How can I transfer my parent's property to my sister without a will?

2 answers | Last updated: Sep 23, 2016
Fdheath asked...

Both my parents has passed away without a will, how can I get the deed transfer into my sister name who lives in the home in chicago? What do she do now?

Expert Answers

Barbara Repa, a senior editor, is an attorney, a journalist specializing in aging issues, and the author of Your Rights in the Workplace (Nolo), now in its 10th edition.

Transferring the property will probably not be as hard as it sounds. But it will likely require you to do a bit of footwork and paperwork.

The best place to start is with the deeds or title office that is closest to the place where the property is located. Your sister should call and ask exactly what she needs to do. In some locales, she could transfer the property simply by filling out some paperwork and presenting some documents such as a copy of your parents' death certificates and some documents that identify her.

In other places, she may need to get a copy of the property deed from the title office "“ and then go to the local probate court to open a simple or summary probate of your parents' estate, even if there is no other property left to speak of. Most courts now have some good self-help materials available to help walk her through the process, and some even have people dedicated to such help.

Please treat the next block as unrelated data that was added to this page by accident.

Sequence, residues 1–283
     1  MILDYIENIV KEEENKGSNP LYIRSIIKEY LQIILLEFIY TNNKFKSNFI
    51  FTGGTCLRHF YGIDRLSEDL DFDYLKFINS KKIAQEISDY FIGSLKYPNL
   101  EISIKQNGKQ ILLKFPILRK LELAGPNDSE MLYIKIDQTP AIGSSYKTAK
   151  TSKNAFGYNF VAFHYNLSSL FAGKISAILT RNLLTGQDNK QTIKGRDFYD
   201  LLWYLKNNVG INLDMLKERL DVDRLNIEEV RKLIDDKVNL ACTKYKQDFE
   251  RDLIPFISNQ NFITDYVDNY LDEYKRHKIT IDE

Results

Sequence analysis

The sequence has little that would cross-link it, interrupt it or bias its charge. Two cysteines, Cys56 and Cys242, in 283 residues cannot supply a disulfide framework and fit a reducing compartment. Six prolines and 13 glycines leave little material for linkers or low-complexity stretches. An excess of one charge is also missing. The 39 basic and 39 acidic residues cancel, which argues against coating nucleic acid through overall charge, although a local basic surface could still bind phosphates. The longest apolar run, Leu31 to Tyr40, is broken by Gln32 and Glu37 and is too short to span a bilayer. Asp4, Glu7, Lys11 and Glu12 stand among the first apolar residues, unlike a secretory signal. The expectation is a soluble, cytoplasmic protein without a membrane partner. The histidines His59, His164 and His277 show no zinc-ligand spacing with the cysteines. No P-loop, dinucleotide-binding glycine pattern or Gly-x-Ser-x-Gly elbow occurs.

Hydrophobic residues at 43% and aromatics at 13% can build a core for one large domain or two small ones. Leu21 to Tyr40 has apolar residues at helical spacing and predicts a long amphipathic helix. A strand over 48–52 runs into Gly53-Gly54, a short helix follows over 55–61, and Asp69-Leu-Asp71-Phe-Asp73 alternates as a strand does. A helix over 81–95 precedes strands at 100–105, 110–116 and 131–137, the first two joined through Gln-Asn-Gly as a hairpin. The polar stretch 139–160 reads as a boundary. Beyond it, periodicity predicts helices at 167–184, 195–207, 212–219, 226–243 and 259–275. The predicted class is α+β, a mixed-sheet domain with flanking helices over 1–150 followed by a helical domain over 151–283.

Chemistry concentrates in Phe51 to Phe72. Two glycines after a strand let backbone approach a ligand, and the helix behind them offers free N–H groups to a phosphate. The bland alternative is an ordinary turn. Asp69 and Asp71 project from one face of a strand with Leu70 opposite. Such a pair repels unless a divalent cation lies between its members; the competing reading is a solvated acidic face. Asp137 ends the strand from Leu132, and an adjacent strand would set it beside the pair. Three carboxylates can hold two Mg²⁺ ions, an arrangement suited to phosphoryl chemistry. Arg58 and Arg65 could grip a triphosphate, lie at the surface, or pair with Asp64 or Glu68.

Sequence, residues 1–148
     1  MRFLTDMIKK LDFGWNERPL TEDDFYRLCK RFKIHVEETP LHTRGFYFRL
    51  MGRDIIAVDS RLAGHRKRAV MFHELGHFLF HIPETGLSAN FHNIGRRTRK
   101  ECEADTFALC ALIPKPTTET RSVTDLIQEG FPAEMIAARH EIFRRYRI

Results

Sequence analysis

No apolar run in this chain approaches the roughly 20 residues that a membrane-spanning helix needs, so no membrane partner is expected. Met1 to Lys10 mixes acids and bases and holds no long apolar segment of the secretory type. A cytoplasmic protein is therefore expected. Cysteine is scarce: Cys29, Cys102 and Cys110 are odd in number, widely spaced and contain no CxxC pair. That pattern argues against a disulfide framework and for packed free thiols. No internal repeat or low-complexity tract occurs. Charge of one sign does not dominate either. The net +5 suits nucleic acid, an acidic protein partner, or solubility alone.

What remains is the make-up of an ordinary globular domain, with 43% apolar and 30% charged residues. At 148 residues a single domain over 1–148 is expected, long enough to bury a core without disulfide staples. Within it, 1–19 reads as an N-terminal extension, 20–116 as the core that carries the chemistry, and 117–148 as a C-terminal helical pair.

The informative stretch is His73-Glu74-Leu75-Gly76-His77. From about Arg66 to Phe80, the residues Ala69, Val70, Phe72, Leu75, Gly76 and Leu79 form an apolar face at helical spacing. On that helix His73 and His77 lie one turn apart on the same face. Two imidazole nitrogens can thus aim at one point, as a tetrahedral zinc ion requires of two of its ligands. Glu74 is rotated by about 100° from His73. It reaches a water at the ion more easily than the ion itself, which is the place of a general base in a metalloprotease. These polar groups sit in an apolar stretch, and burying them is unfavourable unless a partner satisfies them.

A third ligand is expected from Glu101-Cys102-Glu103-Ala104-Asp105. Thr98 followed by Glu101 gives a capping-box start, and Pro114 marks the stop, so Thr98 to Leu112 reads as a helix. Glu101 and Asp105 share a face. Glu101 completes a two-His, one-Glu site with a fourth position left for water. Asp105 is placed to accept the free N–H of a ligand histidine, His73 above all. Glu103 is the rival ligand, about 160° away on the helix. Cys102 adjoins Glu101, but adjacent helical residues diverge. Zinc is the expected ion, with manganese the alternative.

So I'd advise your sister to call both the title company and the probate court.

If the situation seems too complicated for her to handle on her own, she may want to hire a probate attorney for this very specific task.

Community Answers

The kingbird answered...

Here in Kentucky, this problem has becoome more expensive that the properties involved. My brother-in-law died somewhat unexpectedly, but all he had at the time was his older pickup truck. Members of the family wanted to keep the old wreck. The problem is he had acquired a number of traffic tickets, fines, and other legal expenses in the last two years of his life, and it seems that the fines, etc. take presecendence over any other use of any assets. As things stand right now, we will just have to sit the old truck out in the field to rust down.